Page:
Why this is appealing to many is that you don’t have to think about calories or only eating certain kinds of food. The process is very simple: eat during certain times and not during others. This can also simplify the dieting process: no need for extensive reading of labels, less meals to plan , etc. Of course, one shouldn’t assume that during non-fasting times root beer floats, corned beef sandwiches and tubs of whipped topping should be the staples of the diet. As always, fruits, vegetables, lean meats, fish and less-processed foods are recommended.

I started doing Intermittent Fasting many years ago not really knowing that it was a “thing.” I noticed that I grazed a LOT after dinner, and it added up to hundreds of calories. I made a rule for myself that I still follow pretty closely: after dinner, no eating! I can drink calorie-free liquids, but that is it. (I do make exceptions for special occasions but don’t go crazy). I found that it helps me control my weight and that my cravings for after-dinner snacks quickly subsided.

There is admittedly a big difference between the kind of religious fasting to which many of us are accustomed (Ramadan, Yom Kippur, etc.), but there is a commonality as well. While one focuses on a physiological goal and the other on a more spiritual goal, both require self-control and self-sacrifice. Both also are means to an end: either greater physical health or greater spiritual awareness.

Readers, I would be interested to know how many of you have tried Intermittent Fasting, or if you currently practice it now. What are the challenges and what are the advantages? What are the results you have seen?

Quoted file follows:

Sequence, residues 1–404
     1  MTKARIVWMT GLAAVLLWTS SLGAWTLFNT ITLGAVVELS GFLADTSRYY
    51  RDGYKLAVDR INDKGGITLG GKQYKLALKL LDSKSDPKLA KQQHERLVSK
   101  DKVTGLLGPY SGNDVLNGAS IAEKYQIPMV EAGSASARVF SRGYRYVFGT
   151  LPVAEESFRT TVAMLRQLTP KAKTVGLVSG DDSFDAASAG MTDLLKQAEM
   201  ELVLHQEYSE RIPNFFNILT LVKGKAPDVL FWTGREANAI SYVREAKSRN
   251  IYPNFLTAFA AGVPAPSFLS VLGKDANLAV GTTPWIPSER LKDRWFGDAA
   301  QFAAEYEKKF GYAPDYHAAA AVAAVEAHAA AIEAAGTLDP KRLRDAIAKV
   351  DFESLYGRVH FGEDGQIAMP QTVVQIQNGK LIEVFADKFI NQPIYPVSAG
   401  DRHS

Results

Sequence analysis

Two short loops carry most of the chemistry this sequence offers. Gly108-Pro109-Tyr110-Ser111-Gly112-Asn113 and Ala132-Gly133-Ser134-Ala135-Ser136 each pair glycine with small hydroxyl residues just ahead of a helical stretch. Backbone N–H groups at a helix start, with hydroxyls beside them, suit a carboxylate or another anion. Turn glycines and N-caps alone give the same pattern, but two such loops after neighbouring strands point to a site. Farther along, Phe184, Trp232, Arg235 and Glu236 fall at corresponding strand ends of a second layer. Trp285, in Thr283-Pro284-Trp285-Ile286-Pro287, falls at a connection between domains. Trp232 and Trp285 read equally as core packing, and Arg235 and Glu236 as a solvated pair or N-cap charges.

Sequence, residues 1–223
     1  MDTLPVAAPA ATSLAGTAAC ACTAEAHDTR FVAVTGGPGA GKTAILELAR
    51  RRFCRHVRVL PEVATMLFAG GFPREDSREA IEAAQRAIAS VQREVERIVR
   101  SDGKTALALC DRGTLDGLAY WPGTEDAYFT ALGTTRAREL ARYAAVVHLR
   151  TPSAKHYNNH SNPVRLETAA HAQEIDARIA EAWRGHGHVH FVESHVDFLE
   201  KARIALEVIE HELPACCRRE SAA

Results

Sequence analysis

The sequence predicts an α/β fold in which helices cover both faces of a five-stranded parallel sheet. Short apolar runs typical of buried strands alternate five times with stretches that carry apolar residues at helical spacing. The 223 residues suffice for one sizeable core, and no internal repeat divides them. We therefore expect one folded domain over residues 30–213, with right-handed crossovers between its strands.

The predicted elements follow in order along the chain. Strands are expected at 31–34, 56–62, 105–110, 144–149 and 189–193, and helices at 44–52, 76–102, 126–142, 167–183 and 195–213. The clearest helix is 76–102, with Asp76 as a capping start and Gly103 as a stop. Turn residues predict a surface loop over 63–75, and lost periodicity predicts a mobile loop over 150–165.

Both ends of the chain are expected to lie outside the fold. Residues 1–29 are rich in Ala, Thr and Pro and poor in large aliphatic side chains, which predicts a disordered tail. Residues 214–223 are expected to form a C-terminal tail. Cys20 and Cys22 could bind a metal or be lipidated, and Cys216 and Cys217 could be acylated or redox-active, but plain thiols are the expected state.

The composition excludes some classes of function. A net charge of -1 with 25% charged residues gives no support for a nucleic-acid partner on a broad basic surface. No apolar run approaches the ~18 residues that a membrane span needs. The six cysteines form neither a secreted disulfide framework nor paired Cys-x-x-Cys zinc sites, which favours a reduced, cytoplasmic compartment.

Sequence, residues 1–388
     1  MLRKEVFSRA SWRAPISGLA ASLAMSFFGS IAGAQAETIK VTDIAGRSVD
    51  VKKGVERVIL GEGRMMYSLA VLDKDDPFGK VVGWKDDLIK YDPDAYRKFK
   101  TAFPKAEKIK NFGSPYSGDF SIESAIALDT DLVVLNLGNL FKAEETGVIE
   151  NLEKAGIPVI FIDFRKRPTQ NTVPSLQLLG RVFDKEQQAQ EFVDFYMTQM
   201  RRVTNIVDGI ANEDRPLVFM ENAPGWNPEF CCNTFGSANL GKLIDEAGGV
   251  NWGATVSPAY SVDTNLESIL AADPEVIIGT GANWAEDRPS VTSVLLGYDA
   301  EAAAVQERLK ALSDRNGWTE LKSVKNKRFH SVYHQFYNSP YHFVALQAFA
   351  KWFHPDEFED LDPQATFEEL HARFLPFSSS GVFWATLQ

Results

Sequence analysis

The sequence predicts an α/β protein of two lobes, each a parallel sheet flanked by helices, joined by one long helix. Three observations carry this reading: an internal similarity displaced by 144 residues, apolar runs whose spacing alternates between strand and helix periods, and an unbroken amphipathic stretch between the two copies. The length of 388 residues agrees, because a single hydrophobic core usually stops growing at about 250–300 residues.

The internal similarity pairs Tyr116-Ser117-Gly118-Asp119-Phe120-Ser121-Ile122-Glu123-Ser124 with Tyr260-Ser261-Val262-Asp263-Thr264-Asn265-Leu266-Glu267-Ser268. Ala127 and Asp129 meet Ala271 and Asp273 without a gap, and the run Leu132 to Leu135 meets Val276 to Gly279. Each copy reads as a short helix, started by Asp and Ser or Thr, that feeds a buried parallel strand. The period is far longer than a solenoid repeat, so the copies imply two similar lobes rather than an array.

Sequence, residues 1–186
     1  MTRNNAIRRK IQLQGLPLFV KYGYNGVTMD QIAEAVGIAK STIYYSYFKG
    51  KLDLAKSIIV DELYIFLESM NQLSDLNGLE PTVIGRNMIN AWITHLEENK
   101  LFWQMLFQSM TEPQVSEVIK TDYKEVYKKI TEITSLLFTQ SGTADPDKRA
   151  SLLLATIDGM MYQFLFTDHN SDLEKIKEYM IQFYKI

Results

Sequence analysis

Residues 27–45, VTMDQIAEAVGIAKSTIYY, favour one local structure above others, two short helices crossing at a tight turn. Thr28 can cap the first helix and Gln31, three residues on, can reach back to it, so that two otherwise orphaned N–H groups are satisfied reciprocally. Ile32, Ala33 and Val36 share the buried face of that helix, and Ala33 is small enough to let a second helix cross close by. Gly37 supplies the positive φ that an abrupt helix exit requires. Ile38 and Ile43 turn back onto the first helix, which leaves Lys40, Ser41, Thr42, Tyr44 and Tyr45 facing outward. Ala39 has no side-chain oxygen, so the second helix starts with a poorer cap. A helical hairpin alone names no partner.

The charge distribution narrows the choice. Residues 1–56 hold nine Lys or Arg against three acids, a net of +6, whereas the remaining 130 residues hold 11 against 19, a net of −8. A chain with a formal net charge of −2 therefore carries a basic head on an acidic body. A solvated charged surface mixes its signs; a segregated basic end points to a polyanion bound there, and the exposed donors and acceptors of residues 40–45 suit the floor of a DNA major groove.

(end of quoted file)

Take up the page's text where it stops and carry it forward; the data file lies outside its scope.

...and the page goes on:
I am a believer–as long as it is done in moderation. Before jumping into Intermittent Fasting, though, do some research and talk to your physician. Be safe and be healthy.

There are many articles on the topic on-line, but a good introduction is: .

Wishing those observing Tisha B’Av a meaningful fast.

Intermittent Fasting

Today we will skip “Recipe Wednesday” because it is the Fast of Esther; this fast day runs from sunrise to sunset and commemorates the fast that Esther and the Jewish People undertook before her meeting with King Achashverosh.

There has been a lot written about fasting over the last few years, and much of it is promising. Research indicates that intermittent fasting (not a complete fast, but fasting for parts of the day or parts of a week) may not only help with weight loss, but lower insulin levels in diabetics and pre-diabetics. T

I have been following my own form of intermittent fasting for several years now. Once dinner is over–whenever that is–I stop eating. Before I put this “rule” in place, I used to graze all night long to the tune of hundreds of calories. My eating does not take place 24/7 but is now limited to certain times of the day. Note that others have their own systems. I know of some folks who eat from 7-9 am, 12-1 pm and then from 5-8 pm; there is no snacking between those periods.

The attached article from Harvard was published last year and gives a pretty clear summary of the latest findings, as well as what exactly intermittent fasting (IF) is. As I mentioned above, there is more than one model for IF. Do some research and see if this is something that you might want to try yourself.

In the meantime, wishing those of you who are fasting a Tzom Kal, an easy fast…and a Happy Purim!